Simon J. Kistemaker suggests that the lesson God taught Peter in this vision is that "God has removed the barriers he once erected to separate his people from the surrounding nations."[8] Kistemaker argues that it means Peter has to accept Gentile believers as full members of the Christian Church, but also that God has made all animals clean, so that "Peter with his fellow Jewish Christians can disregard the food laws that have been observed since the days of Moses."[9] Luke Timothy Johnson and Daniel J. Harrington write that this episode heralds a radical change in Peter's "identity as a member of God's people,[10] but also that "the implication is that all things God created are declared clean by him, and are not affected by human discriminations."[11]

Verse 15

And a voice spoke to him again the second time, "What God has cleansed you must not call common."[12]

Peter summoned to Caesarea (10:17-23)

Unaware about the vision received by Cornelius, Peter was still up on the roof-top, puzzling over the meaning of the vision he just saw (10:17,19) when the emissaries of Cornelius knocked at the door downstairs.[5] The Spirit gave a direct intervention to make Peter go down to meet them (verse 19), so Peter was convinced that these visitors have been sent by God (verse 20), although the connection to his vision was not yet clear. Peter is instructed to go with them meden diakrinomenos (verse 20), an ambiguous verb with double meaning which can simply mean 'without hesitation' (as rendered in NRSV), but also has the sense 'without making distinctions', 'without discrimination' (already implicit in Peter welcoming his gentile guests in verse 23). The messengers conveyed the message from Cornelius, basically repeating (and therefore reinforcing) the record in the earlier passage, with an additional information that Cornelius was 'well spoken of by the whole Jewish nation' (cf. another centurion in Luke 7:5) to underline the fact that he is a Gentile.[5]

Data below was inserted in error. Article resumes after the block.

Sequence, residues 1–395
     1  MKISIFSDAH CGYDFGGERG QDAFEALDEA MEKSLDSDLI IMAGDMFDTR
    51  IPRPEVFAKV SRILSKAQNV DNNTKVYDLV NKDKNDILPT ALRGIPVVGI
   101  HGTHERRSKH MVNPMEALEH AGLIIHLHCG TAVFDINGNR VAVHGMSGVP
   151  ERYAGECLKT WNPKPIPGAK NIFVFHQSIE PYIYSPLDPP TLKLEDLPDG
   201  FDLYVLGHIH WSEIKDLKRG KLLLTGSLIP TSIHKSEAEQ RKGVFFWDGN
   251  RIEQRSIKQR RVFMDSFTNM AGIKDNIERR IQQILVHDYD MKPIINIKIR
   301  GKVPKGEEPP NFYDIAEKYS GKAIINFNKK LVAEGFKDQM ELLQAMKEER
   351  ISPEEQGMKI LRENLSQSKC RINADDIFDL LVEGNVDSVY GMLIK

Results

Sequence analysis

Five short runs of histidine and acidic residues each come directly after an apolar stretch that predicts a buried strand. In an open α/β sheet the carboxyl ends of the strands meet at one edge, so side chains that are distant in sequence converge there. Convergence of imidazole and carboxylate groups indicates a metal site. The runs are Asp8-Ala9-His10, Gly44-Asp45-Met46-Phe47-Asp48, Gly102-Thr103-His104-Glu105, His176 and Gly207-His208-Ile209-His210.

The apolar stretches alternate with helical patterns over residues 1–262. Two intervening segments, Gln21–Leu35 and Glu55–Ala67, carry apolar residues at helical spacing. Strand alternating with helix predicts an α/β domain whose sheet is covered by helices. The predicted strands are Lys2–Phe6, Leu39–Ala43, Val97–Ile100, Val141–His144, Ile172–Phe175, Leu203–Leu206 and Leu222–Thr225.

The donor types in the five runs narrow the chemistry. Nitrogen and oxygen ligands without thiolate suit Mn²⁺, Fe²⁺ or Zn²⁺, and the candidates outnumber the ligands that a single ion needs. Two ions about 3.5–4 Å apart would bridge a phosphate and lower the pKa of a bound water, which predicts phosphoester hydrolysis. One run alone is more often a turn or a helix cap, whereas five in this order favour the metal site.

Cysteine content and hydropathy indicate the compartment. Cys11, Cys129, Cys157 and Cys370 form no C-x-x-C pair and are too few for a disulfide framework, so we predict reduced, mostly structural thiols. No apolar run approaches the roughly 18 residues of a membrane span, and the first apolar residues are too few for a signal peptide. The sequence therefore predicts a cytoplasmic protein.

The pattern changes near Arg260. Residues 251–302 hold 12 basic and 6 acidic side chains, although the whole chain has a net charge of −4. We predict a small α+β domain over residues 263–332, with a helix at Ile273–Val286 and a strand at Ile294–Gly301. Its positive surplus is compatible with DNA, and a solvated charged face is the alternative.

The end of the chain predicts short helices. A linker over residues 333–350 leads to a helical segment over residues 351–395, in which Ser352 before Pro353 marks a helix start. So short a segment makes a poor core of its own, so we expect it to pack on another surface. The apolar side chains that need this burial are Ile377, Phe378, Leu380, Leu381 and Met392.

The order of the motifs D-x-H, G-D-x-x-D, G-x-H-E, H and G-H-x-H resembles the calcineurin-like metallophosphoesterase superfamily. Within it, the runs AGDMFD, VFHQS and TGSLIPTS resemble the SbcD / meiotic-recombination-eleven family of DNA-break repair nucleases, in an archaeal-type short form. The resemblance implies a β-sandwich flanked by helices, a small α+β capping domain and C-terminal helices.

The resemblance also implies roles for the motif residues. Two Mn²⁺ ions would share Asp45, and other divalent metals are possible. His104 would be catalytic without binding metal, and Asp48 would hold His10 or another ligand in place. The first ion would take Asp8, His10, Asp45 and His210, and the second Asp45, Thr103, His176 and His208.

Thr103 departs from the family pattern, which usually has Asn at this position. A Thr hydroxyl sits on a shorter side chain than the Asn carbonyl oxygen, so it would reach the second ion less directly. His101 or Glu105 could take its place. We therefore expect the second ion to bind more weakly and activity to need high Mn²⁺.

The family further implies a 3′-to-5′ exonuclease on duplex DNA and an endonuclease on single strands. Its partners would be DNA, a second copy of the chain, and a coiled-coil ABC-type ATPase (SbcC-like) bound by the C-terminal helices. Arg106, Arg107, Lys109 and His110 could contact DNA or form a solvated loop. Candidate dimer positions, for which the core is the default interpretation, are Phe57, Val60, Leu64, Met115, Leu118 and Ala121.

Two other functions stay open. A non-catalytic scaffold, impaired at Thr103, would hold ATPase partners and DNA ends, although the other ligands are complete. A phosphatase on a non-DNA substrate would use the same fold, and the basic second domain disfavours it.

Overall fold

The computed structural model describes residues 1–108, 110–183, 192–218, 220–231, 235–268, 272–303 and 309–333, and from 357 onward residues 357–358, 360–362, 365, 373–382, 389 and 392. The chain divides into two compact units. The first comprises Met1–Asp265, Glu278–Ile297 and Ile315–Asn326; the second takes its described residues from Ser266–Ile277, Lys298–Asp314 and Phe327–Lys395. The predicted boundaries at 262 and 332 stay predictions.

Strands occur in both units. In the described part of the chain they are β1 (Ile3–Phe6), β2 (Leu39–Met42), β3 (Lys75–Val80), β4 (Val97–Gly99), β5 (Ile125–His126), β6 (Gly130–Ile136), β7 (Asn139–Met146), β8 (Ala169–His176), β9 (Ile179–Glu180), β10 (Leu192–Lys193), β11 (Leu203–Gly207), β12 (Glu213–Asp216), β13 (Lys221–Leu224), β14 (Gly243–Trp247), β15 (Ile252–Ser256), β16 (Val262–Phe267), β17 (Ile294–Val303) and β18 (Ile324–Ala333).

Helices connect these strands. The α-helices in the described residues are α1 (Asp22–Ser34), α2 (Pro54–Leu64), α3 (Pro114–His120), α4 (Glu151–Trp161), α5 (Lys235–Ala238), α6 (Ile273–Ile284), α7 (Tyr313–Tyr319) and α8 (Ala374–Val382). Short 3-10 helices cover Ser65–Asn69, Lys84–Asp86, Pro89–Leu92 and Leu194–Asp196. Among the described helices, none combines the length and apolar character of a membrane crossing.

Peter meets Cornelius (10:23-33)

The constant repetition of narrative detail emphasizes Peter's dilemma (as in his vision) and helps readers to unfold with him the gradual steps of the new stage in God's plan for the non-Jews. Peter took with him some of the 'brothers' from Joppa (verse 23) to Caesarea which was a full day journey (verse 24). Initially Peter only met the Gentile soldier (verse 7) and the house-servants (probably also Gentile) sent by Cornelius, then in Caesarea he saw a houseful of the centurion's 'relatives and close friends' assembled in his honor (verse 24) and had to take the next decisive step in 'entering a Gentile household' (verse 27). By then, Peter had already made the connection with the animal vision, that the prohibition against calling anything 'common or unclean' is not about food but about people he associates with (verse 28). Cornelius gave a recapitulation of his own vision (verses 30–33) setting up the listeners, poised and expectant 'in the presence of God', to hear what God has commissioned Peter to say (verse 33).[5]

Verse 32

[The man in Cornelius's vision said:] 'Send therefore to Joppa and call Simon here, whose surname is Peter. He is lodging in the house of Simon, a tanner, by the sea. When he comes, he will speak to you.' [13]

Peter preaches to the Gentiles (10:34—43)